Background and Aims Breastfeeding is considered the golden standard in neonatal nutrition. One of the complications encountered in breastfeeding is tongue-tie (ankyloglossia), which may eventually lead to aborting breastfeeding. Frenotomy is considered a harmless and effective procedure for ankyloglossia. However, different researchers question the positive effects and emphasize the possible complications, especially when the procedure is performed without general anaesthesia. Aim of our study is to describe the outcomes of frenotomy in neonates.
The data of a series of 166 breastfed neonates (110 male, 56 female) with ankyloglossia and breastfeeding problems under 3 months of age were collected. In these neonates frenotomy was performed between January 2008 en 2012 by an experienced paediatrician in the outpatient clinic without general anaesthesia. Parent(s) attended the procedure and (breast)feeding was given within minutes after frenotomy. One week after frenotomy, data on complications and effects on breastfeeding were collected by a telephone interview with one of the parents.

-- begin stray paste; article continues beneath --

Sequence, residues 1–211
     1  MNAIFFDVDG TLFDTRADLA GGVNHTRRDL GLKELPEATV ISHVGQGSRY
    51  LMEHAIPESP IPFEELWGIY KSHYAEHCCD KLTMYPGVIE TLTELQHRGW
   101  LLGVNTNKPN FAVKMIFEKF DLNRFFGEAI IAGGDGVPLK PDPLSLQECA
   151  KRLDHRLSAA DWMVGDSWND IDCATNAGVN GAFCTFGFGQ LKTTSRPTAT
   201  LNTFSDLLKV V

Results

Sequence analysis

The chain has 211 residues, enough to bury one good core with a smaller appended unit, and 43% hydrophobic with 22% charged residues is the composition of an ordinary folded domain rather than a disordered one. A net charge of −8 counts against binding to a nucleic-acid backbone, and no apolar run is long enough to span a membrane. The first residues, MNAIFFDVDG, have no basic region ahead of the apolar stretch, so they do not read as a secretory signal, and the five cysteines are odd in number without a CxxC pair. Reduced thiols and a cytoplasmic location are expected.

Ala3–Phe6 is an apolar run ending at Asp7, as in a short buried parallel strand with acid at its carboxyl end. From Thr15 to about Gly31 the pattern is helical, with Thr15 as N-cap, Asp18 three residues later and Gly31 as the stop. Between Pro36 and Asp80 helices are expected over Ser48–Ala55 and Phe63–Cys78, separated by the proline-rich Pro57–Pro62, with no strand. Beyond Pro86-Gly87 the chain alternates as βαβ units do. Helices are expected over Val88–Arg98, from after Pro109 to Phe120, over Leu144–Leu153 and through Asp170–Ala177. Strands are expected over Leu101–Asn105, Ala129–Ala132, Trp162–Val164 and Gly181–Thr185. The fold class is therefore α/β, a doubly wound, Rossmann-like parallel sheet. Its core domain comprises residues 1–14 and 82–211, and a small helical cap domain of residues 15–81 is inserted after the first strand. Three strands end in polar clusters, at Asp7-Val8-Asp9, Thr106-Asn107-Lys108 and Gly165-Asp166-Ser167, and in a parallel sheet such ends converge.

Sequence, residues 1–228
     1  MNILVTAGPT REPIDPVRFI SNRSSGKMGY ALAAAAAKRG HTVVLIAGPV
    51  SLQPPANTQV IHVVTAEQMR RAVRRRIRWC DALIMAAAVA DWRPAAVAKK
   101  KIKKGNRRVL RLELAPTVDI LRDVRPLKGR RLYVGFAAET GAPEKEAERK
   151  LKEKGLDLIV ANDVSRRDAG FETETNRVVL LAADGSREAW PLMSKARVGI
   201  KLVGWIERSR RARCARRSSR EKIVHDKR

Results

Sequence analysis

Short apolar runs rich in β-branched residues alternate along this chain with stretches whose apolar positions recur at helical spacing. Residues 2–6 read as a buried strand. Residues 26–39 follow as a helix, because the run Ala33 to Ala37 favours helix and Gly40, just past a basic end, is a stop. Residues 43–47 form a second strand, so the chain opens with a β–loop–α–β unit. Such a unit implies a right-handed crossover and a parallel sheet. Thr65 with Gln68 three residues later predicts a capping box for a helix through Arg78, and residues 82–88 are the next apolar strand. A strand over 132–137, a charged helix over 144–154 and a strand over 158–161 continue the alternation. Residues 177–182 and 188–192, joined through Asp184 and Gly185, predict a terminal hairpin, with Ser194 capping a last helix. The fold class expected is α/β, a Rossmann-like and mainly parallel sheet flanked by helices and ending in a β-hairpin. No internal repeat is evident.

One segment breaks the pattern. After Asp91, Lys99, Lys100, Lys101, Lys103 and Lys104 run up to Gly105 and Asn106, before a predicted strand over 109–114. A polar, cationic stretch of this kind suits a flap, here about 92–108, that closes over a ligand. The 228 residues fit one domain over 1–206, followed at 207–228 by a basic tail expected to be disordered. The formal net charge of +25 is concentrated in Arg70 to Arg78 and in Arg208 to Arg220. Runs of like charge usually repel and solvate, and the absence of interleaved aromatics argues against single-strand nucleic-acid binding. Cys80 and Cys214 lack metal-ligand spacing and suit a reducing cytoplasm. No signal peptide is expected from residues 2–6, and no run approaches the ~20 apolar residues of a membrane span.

34 Neonates (20%) were lost to follow-up after frenotomy. Of the remaining 132 neonates, 117 (89%) reported improvement in breastfeeding (better latch, less nipple pain or fully breastfed). 12 (9%) Reported no improvement. Improvement was controversial in 3 neonates (2%) because of additional problems affecting breastfeeding. Minor complications were reported in 5 patients (4%). These consisted of need for a mild analgesic or minimal bleeding up to 1–2 minutes. No major side effects were reported.
Frenotomy without general anaesthesia is a safe and very effective procedure in neonates with tongue-tie experiencing breastfeeding problems.